Dentistry Post Corona: The Good, the Bad, and the Ugly

The Great Pandemic of 2020 has created mass disruption in the lives and work for most people. In a current bestselling book, Post Corona, author Scott Galloway has an interesting perspective on the many various changes that we have seen and reveals his theory of what the “new normal” will look like. But don’t be shocked to discover it will just be more of the same.

The virus has been an accelerant.

As the premise of his book, Galloway uses a quote that is often attributed to former premier of the Soviet Union, Vladimir Lenin: “Nothing can happen for decades, and then decades happen in weeks.” Of course, Vlad was speaking about the Russian Revolution, but we can apply that logic to what we have witnessed over the past 11 months.

In other words, social and business trends that were already in motion went into turbo mode. The virus has acted as an accelerant. It has affected every one of our lives and every market in the world. Take e-commerce as an example. We have been using Amazon.com for years, yet e-commerce has only grown at a rate of 1% every year. Just before the pandemic, e-commerce was 16% of the economy. Then, from March 2020 through April 2020, that number jumped to 27% in just 8 weeks…just like Vlad said.

Think about other instances like virtual meetings and the emergence of Zoom. I hope you bought their stock. Zoom was around before the virus…now look at it. Stay at home stocks have been on a tear. With gyms closing and people social distancing, Peloton, and Lululemon’s Mirror have really taken off.

What about dentistry?

Early on, dental practices were seeing the effect of fears of close contact and aerosol transmission. Then things eased up. Practices became busier. Now, with the rise in cases, the fears are returning.

Private dentists with reputations for genuinely caring about what is in the best interest of their patients, have earned patient trust already that helps immunize their patients from fear.

One thing we must respect is that we have no control over other people’s behavior. And we have no control over the pesky virus. The vaccine is coming but human behavior will prevail.

As a retired dentist, people continue to ask me one question: “Is it safe to get my teeth cleaned?” My answer, as a dentist, is always yes, but as a patient, they will be asking that question for a long time to come…vaccine or not. Dentists must see this through the eyes of their patients.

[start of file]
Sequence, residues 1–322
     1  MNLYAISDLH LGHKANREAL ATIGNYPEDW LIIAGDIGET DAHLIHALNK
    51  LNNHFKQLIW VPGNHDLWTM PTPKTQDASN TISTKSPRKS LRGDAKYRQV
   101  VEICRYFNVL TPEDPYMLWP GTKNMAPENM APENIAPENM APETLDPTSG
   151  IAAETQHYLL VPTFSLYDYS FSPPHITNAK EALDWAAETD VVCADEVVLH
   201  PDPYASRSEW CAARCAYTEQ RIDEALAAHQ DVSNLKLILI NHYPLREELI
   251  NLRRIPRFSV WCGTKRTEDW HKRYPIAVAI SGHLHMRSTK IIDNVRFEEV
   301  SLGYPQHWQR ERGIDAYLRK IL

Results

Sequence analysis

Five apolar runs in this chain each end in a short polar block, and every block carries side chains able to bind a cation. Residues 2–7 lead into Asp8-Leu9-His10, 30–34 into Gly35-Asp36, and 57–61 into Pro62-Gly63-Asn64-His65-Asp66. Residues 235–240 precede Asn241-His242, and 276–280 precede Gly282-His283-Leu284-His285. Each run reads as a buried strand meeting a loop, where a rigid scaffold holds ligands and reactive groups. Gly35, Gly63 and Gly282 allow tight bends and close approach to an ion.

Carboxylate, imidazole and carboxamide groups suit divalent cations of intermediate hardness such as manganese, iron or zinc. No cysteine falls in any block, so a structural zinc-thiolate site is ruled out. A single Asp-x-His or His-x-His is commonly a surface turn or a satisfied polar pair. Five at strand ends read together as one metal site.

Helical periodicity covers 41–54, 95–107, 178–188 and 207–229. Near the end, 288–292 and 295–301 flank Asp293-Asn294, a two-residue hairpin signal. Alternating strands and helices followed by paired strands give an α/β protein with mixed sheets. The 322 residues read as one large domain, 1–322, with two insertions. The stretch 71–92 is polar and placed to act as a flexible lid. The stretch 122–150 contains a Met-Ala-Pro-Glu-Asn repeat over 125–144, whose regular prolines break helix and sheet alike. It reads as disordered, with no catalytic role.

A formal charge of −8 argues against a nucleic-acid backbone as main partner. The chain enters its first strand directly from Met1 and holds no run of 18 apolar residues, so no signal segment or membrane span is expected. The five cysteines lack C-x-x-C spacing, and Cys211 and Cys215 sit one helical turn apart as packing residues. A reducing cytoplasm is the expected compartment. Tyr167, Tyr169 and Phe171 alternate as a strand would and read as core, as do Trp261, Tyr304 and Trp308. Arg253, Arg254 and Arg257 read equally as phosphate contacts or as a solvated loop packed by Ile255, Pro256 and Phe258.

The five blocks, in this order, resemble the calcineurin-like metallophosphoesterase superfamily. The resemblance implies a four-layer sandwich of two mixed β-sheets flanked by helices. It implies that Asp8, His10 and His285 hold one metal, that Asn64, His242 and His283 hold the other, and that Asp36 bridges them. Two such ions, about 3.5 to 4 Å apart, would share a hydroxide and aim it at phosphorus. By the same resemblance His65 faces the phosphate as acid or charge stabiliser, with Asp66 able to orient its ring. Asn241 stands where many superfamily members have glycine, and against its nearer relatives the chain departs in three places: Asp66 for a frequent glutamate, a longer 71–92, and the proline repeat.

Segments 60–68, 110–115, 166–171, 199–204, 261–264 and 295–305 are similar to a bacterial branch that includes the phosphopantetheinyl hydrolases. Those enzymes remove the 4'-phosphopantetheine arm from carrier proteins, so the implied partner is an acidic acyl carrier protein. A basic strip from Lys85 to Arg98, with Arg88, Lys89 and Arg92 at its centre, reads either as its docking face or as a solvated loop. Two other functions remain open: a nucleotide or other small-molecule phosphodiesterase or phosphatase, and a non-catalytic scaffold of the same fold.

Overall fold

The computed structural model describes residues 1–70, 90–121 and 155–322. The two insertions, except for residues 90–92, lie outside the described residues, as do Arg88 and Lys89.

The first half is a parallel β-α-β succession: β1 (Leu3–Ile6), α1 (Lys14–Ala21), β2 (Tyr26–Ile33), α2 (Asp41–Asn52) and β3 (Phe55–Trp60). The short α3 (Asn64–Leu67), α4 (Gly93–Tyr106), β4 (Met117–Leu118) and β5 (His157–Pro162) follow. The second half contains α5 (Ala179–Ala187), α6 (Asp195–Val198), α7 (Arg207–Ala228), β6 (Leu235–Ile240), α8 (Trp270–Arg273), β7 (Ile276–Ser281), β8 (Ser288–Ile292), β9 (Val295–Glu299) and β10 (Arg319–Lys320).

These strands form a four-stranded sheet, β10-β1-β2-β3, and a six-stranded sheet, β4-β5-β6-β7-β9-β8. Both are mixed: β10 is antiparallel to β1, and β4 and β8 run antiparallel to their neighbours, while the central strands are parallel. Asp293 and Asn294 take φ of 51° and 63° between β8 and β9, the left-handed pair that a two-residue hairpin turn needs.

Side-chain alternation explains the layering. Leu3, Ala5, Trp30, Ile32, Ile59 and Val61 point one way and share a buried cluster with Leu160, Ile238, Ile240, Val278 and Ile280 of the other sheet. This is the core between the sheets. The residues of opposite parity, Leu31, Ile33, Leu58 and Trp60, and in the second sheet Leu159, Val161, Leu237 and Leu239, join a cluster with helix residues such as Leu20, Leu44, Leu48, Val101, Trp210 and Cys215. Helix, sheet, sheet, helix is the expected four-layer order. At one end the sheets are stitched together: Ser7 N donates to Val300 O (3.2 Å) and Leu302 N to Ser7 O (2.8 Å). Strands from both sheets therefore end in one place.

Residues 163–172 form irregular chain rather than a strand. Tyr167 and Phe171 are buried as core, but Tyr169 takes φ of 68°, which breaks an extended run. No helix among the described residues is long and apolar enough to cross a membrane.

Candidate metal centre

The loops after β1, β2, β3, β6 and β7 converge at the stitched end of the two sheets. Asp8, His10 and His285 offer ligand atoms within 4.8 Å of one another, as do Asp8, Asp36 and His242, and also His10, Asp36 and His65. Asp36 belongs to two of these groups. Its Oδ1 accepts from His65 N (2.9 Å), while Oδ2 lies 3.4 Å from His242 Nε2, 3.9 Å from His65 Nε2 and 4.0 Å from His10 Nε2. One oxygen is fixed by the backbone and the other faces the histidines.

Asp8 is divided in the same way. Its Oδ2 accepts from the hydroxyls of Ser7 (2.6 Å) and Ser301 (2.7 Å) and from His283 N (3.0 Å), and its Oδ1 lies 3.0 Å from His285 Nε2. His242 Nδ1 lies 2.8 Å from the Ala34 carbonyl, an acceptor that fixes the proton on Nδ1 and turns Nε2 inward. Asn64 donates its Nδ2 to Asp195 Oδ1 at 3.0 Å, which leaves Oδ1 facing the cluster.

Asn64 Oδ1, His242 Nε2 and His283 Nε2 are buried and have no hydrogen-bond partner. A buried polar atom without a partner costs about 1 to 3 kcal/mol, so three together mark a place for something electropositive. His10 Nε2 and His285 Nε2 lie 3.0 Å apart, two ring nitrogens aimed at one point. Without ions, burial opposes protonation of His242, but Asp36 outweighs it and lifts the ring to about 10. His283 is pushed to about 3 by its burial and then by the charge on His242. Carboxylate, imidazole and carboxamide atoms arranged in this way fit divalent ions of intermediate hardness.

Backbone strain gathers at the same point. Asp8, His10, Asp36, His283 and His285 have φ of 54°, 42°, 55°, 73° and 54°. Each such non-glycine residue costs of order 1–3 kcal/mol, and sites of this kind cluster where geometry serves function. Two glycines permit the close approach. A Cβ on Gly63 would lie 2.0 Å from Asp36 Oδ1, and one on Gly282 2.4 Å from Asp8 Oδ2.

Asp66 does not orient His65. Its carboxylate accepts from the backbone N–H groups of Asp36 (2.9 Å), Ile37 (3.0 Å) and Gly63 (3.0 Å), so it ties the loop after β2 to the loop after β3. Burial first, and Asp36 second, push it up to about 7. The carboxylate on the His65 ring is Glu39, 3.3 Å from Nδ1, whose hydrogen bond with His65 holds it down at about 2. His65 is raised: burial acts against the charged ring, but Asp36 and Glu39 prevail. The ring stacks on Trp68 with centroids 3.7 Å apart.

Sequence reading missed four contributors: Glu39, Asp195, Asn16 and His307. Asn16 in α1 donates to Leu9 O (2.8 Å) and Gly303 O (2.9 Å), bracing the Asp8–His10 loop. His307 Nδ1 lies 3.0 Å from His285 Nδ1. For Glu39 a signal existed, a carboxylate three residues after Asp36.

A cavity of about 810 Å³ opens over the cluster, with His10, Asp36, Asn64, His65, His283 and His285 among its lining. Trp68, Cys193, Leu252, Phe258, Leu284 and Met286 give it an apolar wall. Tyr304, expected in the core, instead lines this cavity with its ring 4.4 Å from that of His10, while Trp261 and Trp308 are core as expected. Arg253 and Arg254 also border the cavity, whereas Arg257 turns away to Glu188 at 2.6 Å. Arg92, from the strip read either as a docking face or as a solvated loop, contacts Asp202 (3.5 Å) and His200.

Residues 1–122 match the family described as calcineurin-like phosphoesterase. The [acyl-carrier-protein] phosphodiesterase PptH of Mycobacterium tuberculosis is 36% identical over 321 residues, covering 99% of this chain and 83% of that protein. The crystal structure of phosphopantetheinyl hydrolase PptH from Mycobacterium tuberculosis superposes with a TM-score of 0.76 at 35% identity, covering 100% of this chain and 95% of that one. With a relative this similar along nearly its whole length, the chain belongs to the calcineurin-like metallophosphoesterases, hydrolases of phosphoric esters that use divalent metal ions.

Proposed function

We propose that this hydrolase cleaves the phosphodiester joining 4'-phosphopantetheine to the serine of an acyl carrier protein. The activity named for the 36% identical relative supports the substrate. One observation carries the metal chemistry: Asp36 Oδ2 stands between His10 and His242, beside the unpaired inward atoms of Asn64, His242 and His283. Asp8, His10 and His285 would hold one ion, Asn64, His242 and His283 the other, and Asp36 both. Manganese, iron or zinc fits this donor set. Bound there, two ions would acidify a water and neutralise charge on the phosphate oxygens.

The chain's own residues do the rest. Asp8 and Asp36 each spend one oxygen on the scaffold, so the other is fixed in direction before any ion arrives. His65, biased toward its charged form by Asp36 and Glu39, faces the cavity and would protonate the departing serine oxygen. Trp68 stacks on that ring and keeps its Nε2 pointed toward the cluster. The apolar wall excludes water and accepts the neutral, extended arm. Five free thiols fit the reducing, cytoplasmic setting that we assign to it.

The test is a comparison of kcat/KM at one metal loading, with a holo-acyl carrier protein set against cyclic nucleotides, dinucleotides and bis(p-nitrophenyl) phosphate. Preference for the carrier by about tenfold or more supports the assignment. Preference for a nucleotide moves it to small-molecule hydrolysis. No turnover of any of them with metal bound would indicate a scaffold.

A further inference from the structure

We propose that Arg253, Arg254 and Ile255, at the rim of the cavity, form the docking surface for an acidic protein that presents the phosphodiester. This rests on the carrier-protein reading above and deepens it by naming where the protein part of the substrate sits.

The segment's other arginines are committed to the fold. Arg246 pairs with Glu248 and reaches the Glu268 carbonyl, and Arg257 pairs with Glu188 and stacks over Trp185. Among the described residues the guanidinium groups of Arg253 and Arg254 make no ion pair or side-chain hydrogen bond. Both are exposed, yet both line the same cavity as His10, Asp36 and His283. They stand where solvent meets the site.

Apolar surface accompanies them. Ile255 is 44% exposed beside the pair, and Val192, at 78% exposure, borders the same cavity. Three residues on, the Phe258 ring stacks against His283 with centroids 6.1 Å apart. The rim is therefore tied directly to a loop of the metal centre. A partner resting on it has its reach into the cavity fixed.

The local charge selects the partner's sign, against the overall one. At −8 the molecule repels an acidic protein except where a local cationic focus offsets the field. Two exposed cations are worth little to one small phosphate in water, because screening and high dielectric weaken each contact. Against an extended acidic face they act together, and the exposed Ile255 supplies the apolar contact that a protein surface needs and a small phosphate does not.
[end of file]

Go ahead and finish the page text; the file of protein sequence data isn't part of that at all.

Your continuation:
What should we expect post-Corona?

Galloway, in his book Post Corona, tells us that the existing trends will continue to accelerate:

  • The good ones (like hand washing and stay at home practices),
  • The unpopular ones (like masks and excessive PPE), and
  • Even the ugly ones (like misunderstandings in business and within families).

So, what do we do?

As a good Stoic, I would advise first to accept what we cannot change the circumstances. Just like a war…it’s unfortunate and not fair but a Stoic accepts the challenge and moves forward. It never pays to get frustrated or angry. Now is the time to build resilience and pay attention to leadership and communication skills.

Yes, the troops are coming, and there is a light at the end of the tunnel. (I love clichés.) But basic human behavior will prevail.

Barry F. Polansky, DMD

Dr. Polansky has delivered comprehensive cosmetic dentistry, restorative dentistry, and implant dentistry for more than 35 years. He was born in the Bronx, New York in January 1948. The doctor graduated from Queens College in 1969 and received his DMD degree in 1973 from the University of Pennsylvania School of Dental Medicine. Following graduation, Dr. Polansky spent two years in the US Army Dental Corps, stationed at Fort. Dix, New Jersey. In 1975, Dr. Polansky entered private practice in Medford Lakes. Three years later, he built his second practice in the town in which he now lives, Cherry Hill. Dr. Polansky wrote his first article for Dental Economics in 1995 – it was the cover article. Since that time Dr. Polansky has earned a reputation as one of dentistry's best authors and dental philosophers. He has written for many industry publications, including Dental Economics, Dentistry Today, Dental Practice and Finance, and Independent Dentistry (a UK publication).

Barry F. Polansky, DMD

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